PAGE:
I feel like I’m slowly emerging from hibernation. The weather isn’t perfect, in fact it’s raining again today but there has been a taste of spring over the last two weeks which has tempted me outdoors. It’s the last day of February today and technically the last day of winter but, as is quite typical for this time of year, the seasonal transition has brought some of the coldest weather so far. There’s a saying if March comes in like a lion then it’ll go out like a lamb and vice versa. Every year I mean to keep some sort of record of whether this has any real basis – I always forget. I hope the snow and frost predicted for this weekend count as March coming in like a lion and we’ll all be basking in spring sunshine by the end of the month.
The lengthening days and the warmth in the sun have given me enough of a spur to start tackling jobs in the garden. I had one of those days last week when I didn’t plan on doing anything in particular, just a bit of cold frame re-jigging, but before I knew it the patio was a sea of pots as both the cold frames and greenhouse were emptied entirely, staging was removed and there I was giving them a full-blown spring clean. I didn’t realise how dirty the greenhouse had got until I had finished and it was now sparkling in the late afternoon sunshine.
This sudden burst of enthusiasm had been prompted to a certain extent by some weekend seed sowing and the realisation that space was already a bit on the tight side. Reorganisation was needed. It’s already looking like another one of those years where my plans far outstrip the space I have to carry them out.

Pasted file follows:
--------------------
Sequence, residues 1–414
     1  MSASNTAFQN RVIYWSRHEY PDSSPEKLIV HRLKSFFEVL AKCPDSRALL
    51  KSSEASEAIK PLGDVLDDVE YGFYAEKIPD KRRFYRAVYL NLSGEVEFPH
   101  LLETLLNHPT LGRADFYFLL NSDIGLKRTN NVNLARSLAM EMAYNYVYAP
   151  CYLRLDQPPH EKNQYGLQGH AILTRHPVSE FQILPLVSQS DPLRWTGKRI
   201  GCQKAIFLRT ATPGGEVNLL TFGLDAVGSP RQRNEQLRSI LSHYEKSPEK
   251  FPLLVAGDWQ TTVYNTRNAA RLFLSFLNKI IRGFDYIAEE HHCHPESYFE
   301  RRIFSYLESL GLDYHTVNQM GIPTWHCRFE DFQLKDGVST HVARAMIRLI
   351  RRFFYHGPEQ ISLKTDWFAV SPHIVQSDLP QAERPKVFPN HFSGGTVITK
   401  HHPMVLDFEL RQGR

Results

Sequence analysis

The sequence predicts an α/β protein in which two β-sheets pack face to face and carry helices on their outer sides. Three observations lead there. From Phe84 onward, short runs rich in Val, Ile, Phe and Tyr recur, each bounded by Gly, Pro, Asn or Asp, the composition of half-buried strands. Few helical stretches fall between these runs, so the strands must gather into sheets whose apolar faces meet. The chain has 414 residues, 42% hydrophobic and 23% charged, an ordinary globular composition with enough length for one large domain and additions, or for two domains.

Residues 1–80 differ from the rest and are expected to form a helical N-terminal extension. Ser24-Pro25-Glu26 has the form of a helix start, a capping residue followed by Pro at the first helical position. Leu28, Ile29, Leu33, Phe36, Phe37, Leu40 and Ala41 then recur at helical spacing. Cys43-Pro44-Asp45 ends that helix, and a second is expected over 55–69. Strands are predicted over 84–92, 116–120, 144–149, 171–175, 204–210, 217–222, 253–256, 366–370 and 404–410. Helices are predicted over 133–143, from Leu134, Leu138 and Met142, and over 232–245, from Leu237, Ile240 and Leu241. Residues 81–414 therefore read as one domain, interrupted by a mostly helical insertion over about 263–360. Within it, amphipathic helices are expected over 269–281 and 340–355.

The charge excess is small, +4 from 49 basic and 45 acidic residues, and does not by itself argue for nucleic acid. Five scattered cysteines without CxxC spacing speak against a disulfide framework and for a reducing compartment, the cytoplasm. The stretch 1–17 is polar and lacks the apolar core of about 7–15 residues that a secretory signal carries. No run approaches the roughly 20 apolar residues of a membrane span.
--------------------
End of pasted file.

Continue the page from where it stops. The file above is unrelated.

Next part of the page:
It’s always a pity when good weather is so limited to spend a glorious day inside when there’s so much I could be doing outside, but my trip to London and the RHS Lindley Library last week had been planned for a while. Still, if I was going to be indoors on a sunny day there can’t be many better places to be. It was my first visit and it was garden book bliss. I was there doing research and got through quite a few books in my limited time but I had only scratched the surface of what was on the shelves. I can’t wait to go back there again.
A few days by the sea in South Devon at the start of this week gave us a much needed break. It was a pity to hear from the owner of the bed and breakfast that people had cancelled their planned breaks because of the recent storms. There were places where there was visible storm damage, sand bags, trees uprooted and plants burnt to a crisp by salt-laden winds but, in general, it’s remarkable how unscathed most places were. For areas so dependent on tourism it’s incredibly important to support the local economy and the best way to do this is go there on holiday. I don’t know why I’m always surprised at how much milder it is in the south-west. In the sheltered little fishing villages and coves there were scented narcissi in full bloom already. I have the same bulbs on my cut flower patch and even though it has been a mild winter, with hardly any frost, it’ll be another month or so before mine flower.
I picked the first posy of flowers from the allotment yesterday – a handful of Anemone coronaria, and there are primroses galore in the garden so I have a few small jars of those dotted about the house too. With seedlings appearing in trays on the windowsill and packages of seeds and bulbs arriving through the post it all feels quite exciting. For me this is the real start to the new year.